He’s Northland’s newest knight, but Chris Farrelly says he struggled with the title associated with his New Year’s Honour.
Farrelly has been appointed a Knight Companion of the New Zealand Order of Merit (KNZM) in the Queen’s New Years Honours list, for services to health and the community, and with it the title of Sir.
‘”SOC, or Same Old Chris,” Farrelly says he’d prefer to be called as the title Sir Chris still feels strange.
And while the honour and accolades are not why Farrelly got into helping – that was to “give a voice to the voiceless in society” – he fully appreciates that his work has been deemed worth of such a high credit.
Farrelly started his service in Northland back in 1991, when he took up the role of HIV/Aids coordinator for the then Northland Health. This was his way of giving that voice to the voiceless – with HIV/Aids causing fear and panic as it spread around the world. It was initially, and wrongly, seen as a disease of homosexuals, but Farrelly helped break down the stigma and raised widespread awareness of the issue.
He says this first introduced him to some heavyweight Māori leaders, who helped guide his journey too, as he worked to break down the myths and barriers surrounding people with HIV/Aids.
”I went up to a tangi (of and Aids sufferer) in the Hokianga and they wouldn’t have an open coffin as they felt if it was open it would infect everybody. There was so much misinformation around it then.
”But we went to Dargaville and got them to have an Aids Awareness Week – the first of its kind in New Zealand in a little town in Northland – things like that helped overcame the bigotry and just incorrect information that was around at the time,” he said.
He later ran Dargaville Hospital – saving it from planned closure – before starting and leading Manaia Health, the region’s first Primary Health Organisation from 2003 to 2016.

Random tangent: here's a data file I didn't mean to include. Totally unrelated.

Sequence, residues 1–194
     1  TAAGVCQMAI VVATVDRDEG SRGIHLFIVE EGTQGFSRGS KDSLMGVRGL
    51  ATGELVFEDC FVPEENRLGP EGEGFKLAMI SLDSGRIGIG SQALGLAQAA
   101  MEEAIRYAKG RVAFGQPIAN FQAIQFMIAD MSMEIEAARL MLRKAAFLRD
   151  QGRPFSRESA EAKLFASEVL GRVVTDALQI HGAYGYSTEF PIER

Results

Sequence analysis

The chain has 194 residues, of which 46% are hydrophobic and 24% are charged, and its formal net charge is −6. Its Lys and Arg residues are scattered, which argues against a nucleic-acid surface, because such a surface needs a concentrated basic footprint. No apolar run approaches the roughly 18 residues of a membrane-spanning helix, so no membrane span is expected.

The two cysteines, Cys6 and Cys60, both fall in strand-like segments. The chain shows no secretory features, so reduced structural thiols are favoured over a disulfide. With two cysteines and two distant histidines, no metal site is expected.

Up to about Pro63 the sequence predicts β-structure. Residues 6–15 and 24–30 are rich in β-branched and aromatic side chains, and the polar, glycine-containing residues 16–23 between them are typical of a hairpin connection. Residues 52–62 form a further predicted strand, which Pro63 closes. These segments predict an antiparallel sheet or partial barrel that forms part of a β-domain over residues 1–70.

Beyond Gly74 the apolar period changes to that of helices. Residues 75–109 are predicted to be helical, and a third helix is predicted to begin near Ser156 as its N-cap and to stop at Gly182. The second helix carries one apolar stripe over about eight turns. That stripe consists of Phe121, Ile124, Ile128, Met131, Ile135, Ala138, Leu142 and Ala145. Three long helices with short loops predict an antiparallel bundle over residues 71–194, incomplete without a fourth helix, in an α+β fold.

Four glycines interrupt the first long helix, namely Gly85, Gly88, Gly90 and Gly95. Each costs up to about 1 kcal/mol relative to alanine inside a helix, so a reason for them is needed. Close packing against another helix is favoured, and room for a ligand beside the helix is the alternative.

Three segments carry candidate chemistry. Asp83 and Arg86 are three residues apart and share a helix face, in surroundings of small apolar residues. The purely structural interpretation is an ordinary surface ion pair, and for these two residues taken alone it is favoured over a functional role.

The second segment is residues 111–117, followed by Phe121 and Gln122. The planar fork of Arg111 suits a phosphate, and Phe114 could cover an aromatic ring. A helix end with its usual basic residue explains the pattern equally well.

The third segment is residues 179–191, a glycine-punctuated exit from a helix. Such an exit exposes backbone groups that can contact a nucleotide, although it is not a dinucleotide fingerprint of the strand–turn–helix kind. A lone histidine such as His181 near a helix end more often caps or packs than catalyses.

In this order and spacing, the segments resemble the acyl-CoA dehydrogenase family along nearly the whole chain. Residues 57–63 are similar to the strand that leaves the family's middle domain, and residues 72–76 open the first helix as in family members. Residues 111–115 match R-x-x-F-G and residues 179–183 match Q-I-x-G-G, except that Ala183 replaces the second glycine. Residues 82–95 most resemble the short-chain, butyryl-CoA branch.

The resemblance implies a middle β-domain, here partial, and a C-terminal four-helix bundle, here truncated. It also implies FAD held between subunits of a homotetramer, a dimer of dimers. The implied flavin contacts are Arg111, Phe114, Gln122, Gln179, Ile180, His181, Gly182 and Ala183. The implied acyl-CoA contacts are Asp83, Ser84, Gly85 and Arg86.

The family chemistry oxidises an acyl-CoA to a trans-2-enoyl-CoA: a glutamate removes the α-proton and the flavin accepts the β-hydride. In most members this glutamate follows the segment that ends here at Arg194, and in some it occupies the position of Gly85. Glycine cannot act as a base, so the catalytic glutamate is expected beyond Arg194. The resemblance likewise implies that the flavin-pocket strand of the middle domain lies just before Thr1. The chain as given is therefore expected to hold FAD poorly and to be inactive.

Farrelly says this involved getting GPs, iwi and communities to work together for the best primary care outcomes.
“We did this thanks to the amazing people I worked with to get some amazing outcomes. I said when we started that it really had to be a 50/50 partnership with Māori.
”I realised if we wanted to make a positive difference to health outcomes we had to be at the top of the cliff.”
As part of the PHO he helped implement a Healthy Homes initiative that saw more than 12,000 of substandard Northland homes retrofitted and insulated to make them warmer and healthier.
”Now that was a real game changer. Another was reintroducing milk in schools after we approached Fonterra. We found kids weren’t drinking milk here, instead drinking rubbish fizzy stuff, so we wanted to get them back to drinking milk.”
From there he was head hunted to become the Auckland City Missioner, running the Auckland City Mission, which cares for the city’s poor, needy and homeless.
Farrelly says he has had many highlights but a big one was overseeing the building the new Auckland City Mission – “Home Ground” a $150 building in Hobson St that includes 50 apartments to house homeless people, along with support services to wrap around them.
He retired from the city mission earlier this year to return to his beloved Northland, to live at Whangārei Heads with his wife Sue Rishworth.
Farrelly’s father worked for the dairy company they moved around the country a lot, but the family had a bach at Woolleys Bay on the Tutukaka Coast where they regularly stayed so he has always considered Northland home – as the only constant base. He’s delighted to be back in the region he loves.
Farrelly said his honour is not just for him, but the many wonderful and amazing people he had worked with over the years – doctors, nurses, GPs, Māori leaders – such as Erima Henare and Puna Matenga – and ordinary folk.
But, he says, the biggest recognition has to go to his wife.
”Sue has always been there for me and is such an amazing and inspiring person that I couldn’t have done anything without her. For the last five years while I was City Missioner, working 24/7, she was always that rock for me – she has helped sow the seeds for what I do and supported me throughout.”
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